half like that's how long he was there [TS]

  for what was he doing there was [TS]

  something broke in and something needs [TS]

  to be fixed and then a second guy need [TS]

  to come and it's like it my perspective [TS]

  on it is like I don't care what they [TS]

  were doing right it doesn't matter they [TS]

  just need to fix something in the house [TS]

  but it just took forever and then I had [TS]

  after that there was a phone call that I [TS]

  had to take like a meeting that I had to [TS]

  take with someone while I had to take [TS]

  that meeting someone else came to the [TS]

  house who need to repair a lock on the [TS]

  front door so like I need so now I'm [TS]

  like on the phone while someone's in the [TS]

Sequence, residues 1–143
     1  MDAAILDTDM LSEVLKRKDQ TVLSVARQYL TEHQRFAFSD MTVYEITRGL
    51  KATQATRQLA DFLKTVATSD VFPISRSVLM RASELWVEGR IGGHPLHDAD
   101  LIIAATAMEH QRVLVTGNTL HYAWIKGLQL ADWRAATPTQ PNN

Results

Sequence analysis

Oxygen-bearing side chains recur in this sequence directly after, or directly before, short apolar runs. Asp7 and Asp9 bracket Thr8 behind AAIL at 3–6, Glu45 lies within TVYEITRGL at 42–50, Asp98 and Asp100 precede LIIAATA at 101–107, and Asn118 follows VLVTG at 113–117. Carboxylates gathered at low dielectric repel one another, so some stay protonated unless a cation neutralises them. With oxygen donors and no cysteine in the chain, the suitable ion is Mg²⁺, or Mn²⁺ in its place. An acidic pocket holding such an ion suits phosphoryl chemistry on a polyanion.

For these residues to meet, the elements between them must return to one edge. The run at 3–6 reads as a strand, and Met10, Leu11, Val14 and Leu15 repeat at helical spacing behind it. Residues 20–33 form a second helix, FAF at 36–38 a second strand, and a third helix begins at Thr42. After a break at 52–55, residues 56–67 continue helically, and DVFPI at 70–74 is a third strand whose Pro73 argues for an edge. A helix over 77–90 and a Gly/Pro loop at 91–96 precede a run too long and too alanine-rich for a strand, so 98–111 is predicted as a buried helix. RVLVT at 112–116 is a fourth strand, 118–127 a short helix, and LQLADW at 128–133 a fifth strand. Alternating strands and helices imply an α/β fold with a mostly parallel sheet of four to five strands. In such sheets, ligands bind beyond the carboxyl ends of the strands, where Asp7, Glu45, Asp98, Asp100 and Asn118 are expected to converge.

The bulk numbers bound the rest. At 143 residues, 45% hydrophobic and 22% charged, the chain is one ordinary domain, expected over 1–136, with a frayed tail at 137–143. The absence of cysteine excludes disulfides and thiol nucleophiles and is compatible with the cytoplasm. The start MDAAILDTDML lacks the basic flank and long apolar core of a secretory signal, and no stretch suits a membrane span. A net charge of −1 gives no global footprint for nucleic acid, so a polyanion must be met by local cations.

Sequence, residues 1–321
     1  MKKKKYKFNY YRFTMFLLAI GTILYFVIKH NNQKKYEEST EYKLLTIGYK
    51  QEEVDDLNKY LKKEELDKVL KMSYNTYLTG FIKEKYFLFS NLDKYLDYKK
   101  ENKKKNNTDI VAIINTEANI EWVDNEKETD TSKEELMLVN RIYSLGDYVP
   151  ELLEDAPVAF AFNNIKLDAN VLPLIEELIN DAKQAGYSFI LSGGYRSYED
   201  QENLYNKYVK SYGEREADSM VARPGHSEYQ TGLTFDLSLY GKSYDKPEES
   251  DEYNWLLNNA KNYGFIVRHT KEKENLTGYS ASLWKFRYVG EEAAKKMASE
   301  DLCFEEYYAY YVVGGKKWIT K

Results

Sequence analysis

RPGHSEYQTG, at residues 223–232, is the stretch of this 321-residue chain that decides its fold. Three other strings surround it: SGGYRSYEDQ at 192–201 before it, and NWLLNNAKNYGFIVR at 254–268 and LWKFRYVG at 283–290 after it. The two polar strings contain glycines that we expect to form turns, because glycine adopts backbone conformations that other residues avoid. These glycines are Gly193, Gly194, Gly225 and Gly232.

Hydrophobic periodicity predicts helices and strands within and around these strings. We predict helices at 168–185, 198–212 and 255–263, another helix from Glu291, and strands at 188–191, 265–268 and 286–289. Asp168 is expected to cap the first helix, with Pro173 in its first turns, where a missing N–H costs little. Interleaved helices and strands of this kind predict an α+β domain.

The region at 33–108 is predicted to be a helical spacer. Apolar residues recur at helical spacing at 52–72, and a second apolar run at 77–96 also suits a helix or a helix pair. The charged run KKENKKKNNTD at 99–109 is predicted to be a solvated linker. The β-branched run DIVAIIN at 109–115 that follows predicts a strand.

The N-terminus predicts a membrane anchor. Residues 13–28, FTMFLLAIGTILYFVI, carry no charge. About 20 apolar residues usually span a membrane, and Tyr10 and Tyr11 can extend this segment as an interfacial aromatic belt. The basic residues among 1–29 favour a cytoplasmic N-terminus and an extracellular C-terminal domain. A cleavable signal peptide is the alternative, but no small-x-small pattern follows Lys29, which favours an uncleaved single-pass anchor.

house repairing a lock on the front door [TS]

  and the lock guy leaves because i was on [TS]

  the phone I didn't have a chance like [TS]

  check his work entirely and it didn't [TS]

  wasn't fix the first time so like now I [TS]

  need to arrange for him to come back and [TS]

  do this other thing I forget what it was [TS]

  there was some other thing that happened [TS]

  in the evening and it was one of these [TS]

  days was like I cannot believe this this [TS]

  is the exact opposite of this experience [TS]

  like i have now come back i have had an [TS]

  entire day that his felt really busy and [TS]

  draining but over which I feel like I [TS]

  have accomplished literally nothing like [TS]

  okay [TS]

  the gas that i thought was fine was [TS]

  fixed but so from my perspective like [TS]

  nothing has really changed [TS]

  I do and wanted to fix the lock but [TS]

  didn't fix the lock and then you know [TS]

  it's just like I received some packages [TS]

  okay great packages i obviously there's [TS]

  stuff in the house that I need these [TS]

  packages for but when i'm in a hotel [TS]